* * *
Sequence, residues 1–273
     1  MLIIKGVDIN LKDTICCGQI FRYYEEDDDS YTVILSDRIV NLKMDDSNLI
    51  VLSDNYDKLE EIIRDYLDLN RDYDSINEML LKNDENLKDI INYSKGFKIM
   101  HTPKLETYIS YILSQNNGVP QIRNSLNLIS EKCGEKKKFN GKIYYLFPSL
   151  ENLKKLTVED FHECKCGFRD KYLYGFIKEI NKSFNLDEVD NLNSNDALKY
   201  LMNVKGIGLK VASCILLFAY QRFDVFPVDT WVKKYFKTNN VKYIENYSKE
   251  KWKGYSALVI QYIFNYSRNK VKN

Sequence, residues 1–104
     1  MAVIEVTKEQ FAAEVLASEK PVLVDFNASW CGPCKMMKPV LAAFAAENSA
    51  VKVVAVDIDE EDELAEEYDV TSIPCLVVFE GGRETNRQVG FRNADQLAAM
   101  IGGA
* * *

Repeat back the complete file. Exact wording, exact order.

Sequence, residues 1–273
     1  MLIIKGVDIN LKDTICCGQI FRYYEEDDDS YTVILSDRIV NLKMDDSNLI
    51  VLSDNYDKLE EIIRDYLDLN RDYDSINEML LKNDENLKDI INYSKGFKIM
   101  HTPKLETYIS YILSQNNGVP QIRNSLNLIS EKCGEKKKFN GKIYYLFPSL
   151  ENLKKLTVED FHECKCGFRD KYLYGFIKEI NKSFNLDEVD NLNSNDALKY
   201  LMNVKGIGLK VASCILLFAY QRFDVFPVDT WVKKYFKTNN VKYIENYSKE
   251  KWKGYSALVI QYIFNYSRNK VKN

Sequence, residues 1–104
     1  MAVIEVTKEQ FAAEVLASEK PVLVDFNASW CGPCKMMKPV LAAFAAENSA
    51  VKVVAVDIDE EDELAEEYDV TSIPCLVVFE GGRETNRQVG FRNADQLAAM
   101  IGGA